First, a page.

And deny Gerard did. But, to my mind, not vehemently enough for a man who claims he is not guilty of his wife’s murder. It wasn’t convincing; it didn’t ring true.
I don’t know about anyone else, but I would think that should I ever come under fire for the same heinous act and I was not responsible, I would be impassioned in my denials. Long pauses and quiet but adamant responses seemed at odds with the nature of the crime and the fiery questioning of the prosecutor.
Of all the times to play to what he thought the jury would want to hear and see, this was probably not it. It came off as false. It came off as arrogant. And it struck me that at no stage during his cross-examination in these past 2 days did he cry. He didn’t even come close to crying. Instead, he went on the defensive.
His behaviour seemed strangely incongruous with the nature of the questioning. The same questions that resulted in floods of crocodile tears when asked by the defence were met with agitation and disdain when asked by the prosecution. He has no real emotion… He seems incapable of true feeling. But it was obvious to all that a simmering anger was there, just below he surface. His eyes are dead. There is nothing behind them… He is constantly scanning the room, looking for behaviours to mirror and, by extension, responses to feign.
I know everyone here and in the courtroom wanted the Crown Prosecutor to just go at him, increasingly the pressure until he broke … but that was never going to happen. I’m not a psychiatrist or an anthropologist but I know this: you could question him like that daily for the next 30 years and he would never, ever break. Never tell us what happened. That’s just the reality of WHAT he is.
But the Prosecutor knew that. That much was obvious to all in the court room. He’d done research on how to cope with this type of person (using that word very loosely!!) … Fuller played to what would aggravate GBC, what would reveal his carefully concealed underbelly.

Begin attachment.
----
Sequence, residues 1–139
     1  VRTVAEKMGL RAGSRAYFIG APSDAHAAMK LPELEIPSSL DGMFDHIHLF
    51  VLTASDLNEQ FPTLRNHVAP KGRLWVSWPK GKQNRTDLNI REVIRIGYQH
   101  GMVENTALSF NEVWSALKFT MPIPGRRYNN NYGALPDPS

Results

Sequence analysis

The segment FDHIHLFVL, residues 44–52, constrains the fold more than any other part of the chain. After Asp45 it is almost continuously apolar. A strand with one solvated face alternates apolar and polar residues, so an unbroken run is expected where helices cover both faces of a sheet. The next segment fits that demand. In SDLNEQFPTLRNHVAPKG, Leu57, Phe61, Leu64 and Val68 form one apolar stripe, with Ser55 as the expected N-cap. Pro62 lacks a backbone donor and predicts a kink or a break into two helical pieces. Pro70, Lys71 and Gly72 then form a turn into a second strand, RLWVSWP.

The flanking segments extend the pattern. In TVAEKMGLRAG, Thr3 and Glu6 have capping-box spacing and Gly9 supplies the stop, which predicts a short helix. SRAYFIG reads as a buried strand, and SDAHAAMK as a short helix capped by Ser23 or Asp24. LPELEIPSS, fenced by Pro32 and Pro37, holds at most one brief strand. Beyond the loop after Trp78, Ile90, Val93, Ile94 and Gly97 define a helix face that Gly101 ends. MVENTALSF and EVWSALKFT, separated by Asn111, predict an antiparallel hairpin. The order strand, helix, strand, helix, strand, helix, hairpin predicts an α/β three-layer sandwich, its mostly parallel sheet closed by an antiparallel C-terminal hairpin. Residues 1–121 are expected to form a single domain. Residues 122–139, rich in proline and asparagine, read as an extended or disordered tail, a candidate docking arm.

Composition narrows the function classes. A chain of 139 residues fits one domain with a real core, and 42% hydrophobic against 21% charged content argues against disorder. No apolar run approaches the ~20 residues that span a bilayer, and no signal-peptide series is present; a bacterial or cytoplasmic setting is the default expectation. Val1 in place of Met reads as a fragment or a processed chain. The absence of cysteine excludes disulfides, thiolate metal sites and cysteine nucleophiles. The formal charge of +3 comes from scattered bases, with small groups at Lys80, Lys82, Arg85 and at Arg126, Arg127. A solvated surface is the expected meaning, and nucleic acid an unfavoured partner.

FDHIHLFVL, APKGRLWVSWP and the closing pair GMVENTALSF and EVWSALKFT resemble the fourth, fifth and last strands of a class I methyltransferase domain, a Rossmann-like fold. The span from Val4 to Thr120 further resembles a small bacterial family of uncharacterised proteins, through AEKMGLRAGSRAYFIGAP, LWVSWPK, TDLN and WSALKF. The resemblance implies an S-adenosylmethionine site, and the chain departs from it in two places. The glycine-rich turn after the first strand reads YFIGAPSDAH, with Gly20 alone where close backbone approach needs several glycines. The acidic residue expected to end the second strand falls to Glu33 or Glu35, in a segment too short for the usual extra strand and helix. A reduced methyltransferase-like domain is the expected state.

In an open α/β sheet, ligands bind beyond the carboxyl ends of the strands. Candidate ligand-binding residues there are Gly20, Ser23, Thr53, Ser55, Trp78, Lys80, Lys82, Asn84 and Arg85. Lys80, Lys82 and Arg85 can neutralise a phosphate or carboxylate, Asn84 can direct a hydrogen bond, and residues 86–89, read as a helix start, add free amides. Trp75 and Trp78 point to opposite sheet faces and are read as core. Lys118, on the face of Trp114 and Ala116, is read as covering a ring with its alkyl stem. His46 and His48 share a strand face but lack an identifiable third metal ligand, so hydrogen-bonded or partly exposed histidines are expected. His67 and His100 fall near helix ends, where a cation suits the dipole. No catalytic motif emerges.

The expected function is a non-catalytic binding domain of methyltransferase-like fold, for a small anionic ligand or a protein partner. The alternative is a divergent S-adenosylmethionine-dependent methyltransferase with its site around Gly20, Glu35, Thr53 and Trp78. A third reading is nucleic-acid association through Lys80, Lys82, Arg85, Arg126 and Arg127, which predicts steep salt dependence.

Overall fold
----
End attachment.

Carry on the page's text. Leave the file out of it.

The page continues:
He knew to attack Gerard’s pride… knew to make him appear weak. He knew to expose the lies behind Gerard’s carefully constructed public image. The only thing that has ever or will ever matter to him. Twitter and the newspaper won’t do Fuller’s cross-examination justice. It was masterful.
GBC won’t ever admit to what we think he did. No, not even on his death bed. He won’t ever give her family that satisfaction, that relief. I suspect he knows deep down that her parents never took to him. Parents know. They see things their children don’t but because they love us, the give us the freedom to make our own mistakes. But sadly, sometimes there are people like Gerard Baden-Clay in the world.
Now, all the evidence has been presented. After closing arguments on Monday, it comes down to 12 people to decide his fate. There is nothing more we or anyone else can do but hope and pray that justice for Allison Dickie is handed down.
PS. Towards the end of the cross-examination, I couldn’t write fast enough to keep up and watch for reactions at the same time so I just stopped writing. For the exact questions and Gerard’s responses, the Channel 9 News had excellent coverage of Todd Fuller’s onslaught 🙂